Technology-facilitated abuse: National survey of Australian adults’ experiences
Australian research has already shown that the use of technology to perpetrate violence against women is a rapidly growing and serious problem. While it was clear that technology-facilitated abuse (TFA) was prevalent in the Australian community, prior to this study no national baseline existed.
This is the third and final report from a larger national study examining the extent and nature of, and responses to, TFA within the Australian community. This report establishes national prevalence rates for the victimisation and perpetration of key behavioural subtypes of TFA, utilising a nationally representative survey of Australians aged 18 years and over with a final sample of 4,526 people (women: n=2,499; men: n=2,063). The survey instrument was developed in consultation with the project’s advisory group and adapted items from the Technology-facilitated Abuse in Relationships (TAR) scale developed by Brown and Hegarty (2021) to extend them beyond the context of current or former intimate partner relationships. The survey instrument included the 18-question Gender Equality Attitudes Scale (GEAS) developed as part of the National Community Attitudes Towards Violence Against Women Survey (NCAS), select items from the Kessler (K6+) Psychological Distress Scale, and some digital participation items drawn from the Digital Inclusion Index.
The research found that experiencing any TFA victimisation in their lifetime is very common among Australian adults, with one in two Australians surveyed having experienced at least one TFA behaviour at some point in their life. While TFA occurs in a range of contexts, approximately one in three TFA victimisation experiences (36.7%, n=852) were reported as occurring in a current or former intimate partner relationship in the participant’s most recent experience. TFA perpetration was also common, with one in four Australian adults self-reporting having engaged in at least one TFA perpetration behaviour at some point in their life.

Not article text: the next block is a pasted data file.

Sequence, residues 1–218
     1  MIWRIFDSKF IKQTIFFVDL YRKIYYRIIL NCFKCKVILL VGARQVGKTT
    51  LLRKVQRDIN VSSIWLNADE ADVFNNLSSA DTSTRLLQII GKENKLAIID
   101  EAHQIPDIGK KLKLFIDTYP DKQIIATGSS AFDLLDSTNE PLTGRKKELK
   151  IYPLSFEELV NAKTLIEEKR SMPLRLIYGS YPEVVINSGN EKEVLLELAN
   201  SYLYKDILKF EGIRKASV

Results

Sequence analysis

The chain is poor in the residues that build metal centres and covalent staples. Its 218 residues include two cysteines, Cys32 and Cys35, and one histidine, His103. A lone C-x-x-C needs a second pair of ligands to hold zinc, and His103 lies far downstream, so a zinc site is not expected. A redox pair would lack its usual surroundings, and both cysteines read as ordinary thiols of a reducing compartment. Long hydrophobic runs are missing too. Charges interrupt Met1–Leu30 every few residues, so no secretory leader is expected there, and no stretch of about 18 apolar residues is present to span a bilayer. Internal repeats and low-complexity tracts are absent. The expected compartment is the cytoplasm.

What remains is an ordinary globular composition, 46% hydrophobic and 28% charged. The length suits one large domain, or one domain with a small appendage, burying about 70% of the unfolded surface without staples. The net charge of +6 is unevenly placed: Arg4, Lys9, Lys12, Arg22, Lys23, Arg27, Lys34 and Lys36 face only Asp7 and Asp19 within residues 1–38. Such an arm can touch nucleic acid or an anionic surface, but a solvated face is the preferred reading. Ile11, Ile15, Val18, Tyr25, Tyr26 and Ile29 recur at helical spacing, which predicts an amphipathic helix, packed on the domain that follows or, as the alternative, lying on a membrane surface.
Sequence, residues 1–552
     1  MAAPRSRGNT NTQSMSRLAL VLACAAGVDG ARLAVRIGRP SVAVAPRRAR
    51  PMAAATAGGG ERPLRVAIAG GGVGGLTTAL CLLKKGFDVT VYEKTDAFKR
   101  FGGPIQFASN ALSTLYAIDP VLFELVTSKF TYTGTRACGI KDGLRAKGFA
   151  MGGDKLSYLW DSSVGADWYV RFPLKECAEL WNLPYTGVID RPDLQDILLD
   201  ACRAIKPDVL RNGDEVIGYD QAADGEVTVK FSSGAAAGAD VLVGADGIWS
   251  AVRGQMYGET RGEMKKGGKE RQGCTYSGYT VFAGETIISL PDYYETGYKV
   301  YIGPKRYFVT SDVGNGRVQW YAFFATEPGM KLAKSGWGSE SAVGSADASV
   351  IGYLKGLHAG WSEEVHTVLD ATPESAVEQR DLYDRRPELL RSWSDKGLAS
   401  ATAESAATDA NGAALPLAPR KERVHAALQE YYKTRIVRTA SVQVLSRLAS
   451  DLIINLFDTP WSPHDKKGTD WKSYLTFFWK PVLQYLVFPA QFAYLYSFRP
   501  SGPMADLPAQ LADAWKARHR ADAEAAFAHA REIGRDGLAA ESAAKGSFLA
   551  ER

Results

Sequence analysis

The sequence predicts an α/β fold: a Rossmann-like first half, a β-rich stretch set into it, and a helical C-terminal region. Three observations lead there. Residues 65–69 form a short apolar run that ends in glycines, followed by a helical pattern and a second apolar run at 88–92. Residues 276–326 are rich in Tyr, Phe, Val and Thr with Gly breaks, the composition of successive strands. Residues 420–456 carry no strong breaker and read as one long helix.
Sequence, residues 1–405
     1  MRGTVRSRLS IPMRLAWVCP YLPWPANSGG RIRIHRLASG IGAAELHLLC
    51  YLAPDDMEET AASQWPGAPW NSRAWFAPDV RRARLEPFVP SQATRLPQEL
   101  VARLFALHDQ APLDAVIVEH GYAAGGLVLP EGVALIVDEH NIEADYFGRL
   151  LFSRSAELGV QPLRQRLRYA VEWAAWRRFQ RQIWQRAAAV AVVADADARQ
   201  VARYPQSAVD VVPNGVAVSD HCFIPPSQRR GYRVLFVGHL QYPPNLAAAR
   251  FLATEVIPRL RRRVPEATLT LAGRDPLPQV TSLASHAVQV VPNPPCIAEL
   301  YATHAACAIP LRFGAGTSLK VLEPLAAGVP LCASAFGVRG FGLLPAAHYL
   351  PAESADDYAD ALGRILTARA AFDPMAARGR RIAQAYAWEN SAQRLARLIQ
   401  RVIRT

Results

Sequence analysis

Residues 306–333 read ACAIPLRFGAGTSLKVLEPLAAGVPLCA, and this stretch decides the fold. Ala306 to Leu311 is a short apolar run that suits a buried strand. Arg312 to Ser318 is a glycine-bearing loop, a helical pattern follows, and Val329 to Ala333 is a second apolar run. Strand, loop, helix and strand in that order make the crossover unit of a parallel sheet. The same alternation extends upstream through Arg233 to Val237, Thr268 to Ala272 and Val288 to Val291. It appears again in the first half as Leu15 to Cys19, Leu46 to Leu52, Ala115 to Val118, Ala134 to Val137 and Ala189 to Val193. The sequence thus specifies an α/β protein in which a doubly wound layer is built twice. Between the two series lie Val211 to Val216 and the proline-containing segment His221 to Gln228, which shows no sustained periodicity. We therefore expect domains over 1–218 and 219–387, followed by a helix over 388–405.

The research found there is a substantial gendered component to TFA, with women significantly more likely to experience TFA perpetrated by a man rather than a woman in their most recent TFA experience. This gendered pattern was further reflected in the relational contexts of TFA victimisation, where more women than men experienced TFA from an intimate partner or former partner. Women were significantly more likely than men to report emotional and psychological impacts of TFA, as well as experiencing co-occurring abuse from the same perpetrator.
This work is part of the ANROWS research reports series. ANROWS research reports are in-depth reports on empirical research produced under ANROWS’s research program.
ASSOCIATE PROFESSOR ANASTASIA POWELL
Criminology & Justice Studies, RMIT University
ASSOCIATE PROFESSOR ASHER FLYNN
Criminology, School of Social Sciences, Monash University
Research Assistant, Criminology, Monash University
ISBN: 978-1-922645-43-2 (paperback) | 978-1-922645-44-9 (PDF)
Powell, A., Flynn, A., & Hindes, S. (2022). Technology-facilitated abuse: National survey of Australian adults’ experiences (Research report, 12/2022). ANROWS.